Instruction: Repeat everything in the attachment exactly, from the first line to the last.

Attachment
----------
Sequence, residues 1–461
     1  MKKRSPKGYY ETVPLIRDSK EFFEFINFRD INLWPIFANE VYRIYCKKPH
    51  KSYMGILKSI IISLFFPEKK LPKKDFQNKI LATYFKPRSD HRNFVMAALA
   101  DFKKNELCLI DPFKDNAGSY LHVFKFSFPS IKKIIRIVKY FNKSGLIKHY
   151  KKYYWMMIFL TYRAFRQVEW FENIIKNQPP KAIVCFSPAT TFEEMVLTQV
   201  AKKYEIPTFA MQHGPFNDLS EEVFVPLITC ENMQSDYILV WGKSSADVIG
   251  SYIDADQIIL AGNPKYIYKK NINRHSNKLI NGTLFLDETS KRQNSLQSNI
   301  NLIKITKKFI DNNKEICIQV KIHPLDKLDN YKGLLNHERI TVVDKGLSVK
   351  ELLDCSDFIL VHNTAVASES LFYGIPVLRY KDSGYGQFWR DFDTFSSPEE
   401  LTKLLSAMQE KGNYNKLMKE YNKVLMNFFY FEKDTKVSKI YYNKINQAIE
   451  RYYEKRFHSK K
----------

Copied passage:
Sequence, residues 1–461
     1  MKKRSPKGYY ETVPLIRDSK EFFEFINFRD INLWPIFANE VYRIYCKKPH
    51  KSYMGILKSI IISLFFPEKK LPKKDFQNKI LATYFKPRSD HRNFVMAALA
   101  DFKKNELCLI DPFKDNAGSY LHVFKFSFPS IKKIIRIVKY FNKSGLIKHY
   151  KKYYWMMIFL TYRAFRQVEW FENIIKNQPP KAIVCFSPAT TFEEMVLTQV
   201  AKKYEIPTFA MQHGPFNDLS EEVFVPLITC ENMQSDYILV WGKSSADVIG
   251  SYIDADQIIL AGNPKYIYKK NINRHSNKLI NGTLFLDETS KRQNSLQSNI
   301  NLIKITKKFI DNNKEICIQV KIHPLDKLDN YKGLLNHERI TVVDKGLSVK
   351  ELLDCSDFIL VHNTAVASES LFYGIPVLRY KDSGYGQFWR DFDTFSSPEE
   401  LTKLLSAMQE KGNYNKLMKE YNKVLMNFFY FEKDTKVSKI YYNKINQAIE
   451  RYYEKRFHSK K